As LGBTQ identified people, we have lots to celebrate as our population has made tremendous gains in recognition and rights in the recent past. Still, when it comes LGBTQ health, LGBTQ-identified older adults have special concerns that may not impact other aging individuals. Facing these issues head on is the best way to deal with them and make sure we can stay prideful and healthy for many years to come.
Access to health care
LGBTQ older adults are less likely then their heterosexual peers to reach out to providers for healthcare services. The primary reasons for this discrepancy are traumatic histories and fear of sexual orientation or gender-based discrimination or harrassment. In one survey of LGBTQ older adults 74% reported feeling ‘not very confident’ or ‘not very confident at all’ that mainstream health and social care services would provide sensitive and appropriate end of life care for them. LGBTQ older adults are also more likely to report nine of twelve chronic health conditions chronic health conditions, compared to heterosexuals of similar ages.
While it may be surprising to younger generations, LGBTQ older adults were born into and came of age in a very different, “pre-liberation” world. These individuals lived most of their lives in a country that considered their orientation a mental disorder and didn’t allow them to marry or adopt children. For example, in the early days of HIV gay men were routinely discriminated against and denied care by doctors and nurses who feared cathing the virus themselves. Other special concerns of LGBTQ older adults include aging while living with HIV, transgenered individuals receiving insensitive or inappropriate care, increased risk of substance abuse and increased risk of cancer.
Though we currently live in more accepting times, discrimination and harrasment are still happening at all levels of society, including the medical industry. Seeking medical help puts LGBTQ health for older adults in very vulnerable positions and often requires personal disclosures about sexual orientation or gender identity that can be very difficult for individuals to feel comfortable providing. Looking for accepting providers online and asking up front—before attempting to access care–is a great way to introduce the topic and find out if potential providers are accepting and affirming. If they’re not—or only offer inauthentic lip service on the topic—find another provider. LGTBQ older adults deserve excellent care and the medical industry needs to continue to educate themselves on the special needs of this unique community so that it can consistently provide it.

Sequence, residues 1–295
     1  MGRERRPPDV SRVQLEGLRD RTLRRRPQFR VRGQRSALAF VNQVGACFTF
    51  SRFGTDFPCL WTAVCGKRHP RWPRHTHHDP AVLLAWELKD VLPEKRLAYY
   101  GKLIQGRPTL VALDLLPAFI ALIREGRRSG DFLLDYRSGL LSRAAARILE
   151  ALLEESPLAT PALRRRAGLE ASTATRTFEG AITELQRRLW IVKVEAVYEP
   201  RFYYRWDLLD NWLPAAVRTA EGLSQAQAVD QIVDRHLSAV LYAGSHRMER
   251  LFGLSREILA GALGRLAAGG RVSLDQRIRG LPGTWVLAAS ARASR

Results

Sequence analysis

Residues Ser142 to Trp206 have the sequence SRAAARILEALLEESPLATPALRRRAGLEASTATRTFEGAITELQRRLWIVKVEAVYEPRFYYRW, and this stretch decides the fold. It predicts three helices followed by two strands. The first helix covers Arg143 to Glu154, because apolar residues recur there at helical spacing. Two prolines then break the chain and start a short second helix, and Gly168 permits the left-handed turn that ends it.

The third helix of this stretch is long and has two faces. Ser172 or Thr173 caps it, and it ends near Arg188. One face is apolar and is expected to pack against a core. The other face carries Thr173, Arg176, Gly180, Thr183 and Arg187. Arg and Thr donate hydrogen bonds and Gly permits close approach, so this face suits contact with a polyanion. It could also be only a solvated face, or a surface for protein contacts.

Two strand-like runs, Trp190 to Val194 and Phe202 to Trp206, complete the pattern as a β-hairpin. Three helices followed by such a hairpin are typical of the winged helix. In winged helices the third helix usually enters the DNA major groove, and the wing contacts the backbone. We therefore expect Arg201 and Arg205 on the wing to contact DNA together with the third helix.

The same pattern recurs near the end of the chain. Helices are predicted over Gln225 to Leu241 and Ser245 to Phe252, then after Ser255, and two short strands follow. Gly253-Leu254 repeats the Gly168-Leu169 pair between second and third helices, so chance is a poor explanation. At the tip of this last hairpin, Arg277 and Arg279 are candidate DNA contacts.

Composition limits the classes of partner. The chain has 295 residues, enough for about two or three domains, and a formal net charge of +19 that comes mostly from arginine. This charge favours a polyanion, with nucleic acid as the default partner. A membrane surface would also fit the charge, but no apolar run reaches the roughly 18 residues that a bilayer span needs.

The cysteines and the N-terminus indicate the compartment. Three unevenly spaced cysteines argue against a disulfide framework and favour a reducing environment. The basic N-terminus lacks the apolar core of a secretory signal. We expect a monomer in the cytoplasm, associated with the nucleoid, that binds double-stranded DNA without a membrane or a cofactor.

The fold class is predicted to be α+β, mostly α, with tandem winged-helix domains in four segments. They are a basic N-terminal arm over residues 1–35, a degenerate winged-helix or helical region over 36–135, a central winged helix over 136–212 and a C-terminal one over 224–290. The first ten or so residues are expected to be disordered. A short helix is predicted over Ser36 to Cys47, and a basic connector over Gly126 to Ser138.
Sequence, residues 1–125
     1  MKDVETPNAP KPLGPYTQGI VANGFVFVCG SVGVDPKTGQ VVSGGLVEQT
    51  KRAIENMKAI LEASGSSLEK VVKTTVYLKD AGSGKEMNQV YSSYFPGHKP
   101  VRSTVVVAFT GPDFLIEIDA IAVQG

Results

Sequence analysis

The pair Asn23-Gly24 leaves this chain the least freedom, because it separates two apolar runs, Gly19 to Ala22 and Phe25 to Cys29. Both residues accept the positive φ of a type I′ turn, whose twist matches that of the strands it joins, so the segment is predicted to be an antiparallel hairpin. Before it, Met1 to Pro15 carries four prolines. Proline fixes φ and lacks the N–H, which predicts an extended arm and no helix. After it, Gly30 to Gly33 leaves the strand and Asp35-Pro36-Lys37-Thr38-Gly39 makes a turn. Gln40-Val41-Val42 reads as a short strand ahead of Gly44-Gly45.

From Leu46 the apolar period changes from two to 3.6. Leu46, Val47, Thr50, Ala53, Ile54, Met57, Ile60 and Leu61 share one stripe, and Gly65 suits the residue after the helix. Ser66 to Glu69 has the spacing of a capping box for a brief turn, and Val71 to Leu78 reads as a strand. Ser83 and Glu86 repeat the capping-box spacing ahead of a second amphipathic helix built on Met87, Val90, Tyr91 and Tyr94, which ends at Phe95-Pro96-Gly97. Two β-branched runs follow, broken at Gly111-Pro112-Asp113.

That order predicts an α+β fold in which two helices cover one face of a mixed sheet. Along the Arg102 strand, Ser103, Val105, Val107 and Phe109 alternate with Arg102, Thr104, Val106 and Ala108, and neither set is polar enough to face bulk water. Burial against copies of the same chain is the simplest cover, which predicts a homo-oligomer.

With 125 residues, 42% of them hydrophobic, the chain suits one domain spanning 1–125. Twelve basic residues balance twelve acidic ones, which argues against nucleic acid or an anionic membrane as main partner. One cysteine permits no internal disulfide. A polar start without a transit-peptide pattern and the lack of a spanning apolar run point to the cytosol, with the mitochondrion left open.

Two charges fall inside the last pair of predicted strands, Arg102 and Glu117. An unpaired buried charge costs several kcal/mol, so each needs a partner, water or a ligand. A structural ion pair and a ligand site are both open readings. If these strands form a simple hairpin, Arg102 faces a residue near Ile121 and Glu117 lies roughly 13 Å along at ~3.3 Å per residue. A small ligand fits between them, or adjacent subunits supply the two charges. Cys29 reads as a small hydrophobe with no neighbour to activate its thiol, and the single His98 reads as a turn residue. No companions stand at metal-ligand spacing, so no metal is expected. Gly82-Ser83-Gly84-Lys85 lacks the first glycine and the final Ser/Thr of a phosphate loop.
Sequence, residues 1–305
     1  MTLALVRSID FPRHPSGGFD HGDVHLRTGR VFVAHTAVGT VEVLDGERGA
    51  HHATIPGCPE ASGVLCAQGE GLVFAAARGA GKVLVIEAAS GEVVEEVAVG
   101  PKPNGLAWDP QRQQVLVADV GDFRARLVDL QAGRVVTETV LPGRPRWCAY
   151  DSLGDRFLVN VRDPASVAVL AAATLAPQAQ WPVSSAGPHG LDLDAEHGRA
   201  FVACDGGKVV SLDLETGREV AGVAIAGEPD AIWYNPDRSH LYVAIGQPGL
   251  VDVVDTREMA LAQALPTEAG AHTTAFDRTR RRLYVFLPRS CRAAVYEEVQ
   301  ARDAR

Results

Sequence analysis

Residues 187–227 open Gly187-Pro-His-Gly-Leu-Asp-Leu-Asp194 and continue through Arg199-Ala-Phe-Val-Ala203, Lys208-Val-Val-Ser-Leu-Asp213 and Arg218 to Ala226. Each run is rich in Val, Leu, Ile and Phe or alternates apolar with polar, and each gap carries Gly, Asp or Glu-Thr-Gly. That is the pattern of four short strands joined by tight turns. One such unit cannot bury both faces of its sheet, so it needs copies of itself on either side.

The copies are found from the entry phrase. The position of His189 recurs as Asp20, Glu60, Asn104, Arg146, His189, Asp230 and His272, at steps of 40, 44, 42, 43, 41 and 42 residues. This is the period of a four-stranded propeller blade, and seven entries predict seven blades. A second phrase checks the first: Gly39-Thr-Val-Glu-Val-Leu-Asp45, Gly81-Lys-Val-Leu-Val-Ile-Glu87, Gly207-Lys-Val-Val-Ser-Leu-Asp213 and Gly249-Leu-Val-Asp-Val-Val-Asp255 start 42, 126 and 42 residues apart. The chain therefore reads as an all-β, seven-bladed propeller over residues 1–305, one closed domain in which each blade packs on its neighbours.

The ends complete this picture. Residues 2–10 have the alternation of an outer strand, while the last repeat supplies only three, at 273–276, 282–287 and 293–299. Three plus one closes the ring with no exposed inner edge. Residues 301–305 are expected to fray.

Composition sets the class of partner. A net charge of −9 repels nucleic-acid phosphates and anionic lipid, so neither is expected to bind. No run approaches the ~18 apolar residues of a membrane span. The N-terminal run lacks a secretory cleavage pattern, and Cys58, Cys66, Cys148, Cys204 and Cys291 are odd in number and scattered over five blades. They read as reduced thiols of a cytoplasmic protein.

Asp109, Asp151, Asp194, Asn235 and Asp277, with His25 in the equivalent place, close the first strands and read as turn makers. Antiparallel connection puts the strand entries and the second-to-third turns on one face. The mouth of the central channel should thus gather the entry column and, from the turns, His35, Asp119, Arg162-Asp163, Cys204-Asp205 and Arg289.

Combating social isolation is a top priority in ensuring the health and well being of LGBTQ elders. Social isolation is a potential problem for many older adults, but is a special concern for LQBTQ older adults for several reasons. Members of this population are more likely to have lived non-traditional family lives which includes not having biological children, not being married and being ostracized from families of origins due to discrimination. Gay and bi-sexual men are twice as likely as heterosexual men to live alone and also have fewer children. LQBTQ adults may also not feel comfortable using mainstream support services such as senior centers and other organizations. These factors combine to make some LGBTQ adults very vulnerable to the risk of social isolation which increases risk for a myriad of health problems including depression, dementia, heart disease and premature death. Promoting intergenerational connections and ensuring all social spaces for older adults are accepting and affirming are first steps in making sure LGBTQ elders don’t face growing old alone.
Despite the difficult and adverse condition that LGBTQ older adults have endured, many are thriving and staying healthy and independent in their later years. Partly this is because a history of marginalization has forced these individuals to cultivate extensive coping skills that help them navigate and succeed in the mainstream world. For example, many older LGBTQ adults have created extensive supportive social networks that serve many of the purposes that a more traditional biological might. LGBTQ adults who continue to engage positively with their communities are also more likely to stay healthy longer. LGBTQ adults who have worked hard to have a positive, affirming self-concept despite—despite living much of their lives in a society that marginalized them—are also much more likely to age well. Many older LGBTQ individuals have learned to strongly advocate for themselves—and the people they care about—which will serve them well as they face the challenges of getting older. These unique resiliencies combined with now living in a more affirming and accepting society can help LGBTQ elders live long, healthy and fulfilling lives.
It’s estimated that there are over one million older adults who identify as LGBTQ in the United States. Each of these individuals deserves access to supportive and culturally sensitive health care. While great gains have been made there is still work to be done as the Trump administration recently proposed rolling back protections for LGBTQ people under the Health Care Rights Law. Being aware of the challenges LGBTQ older adults face as well as the unique strengths they possess can help them and their allies navigate the obstacles of aging. As one LGBTQ elder said, “The LGBT community has stepped up in the past to address coming out, AIDS, and civil rights. The next wave has to be aging.”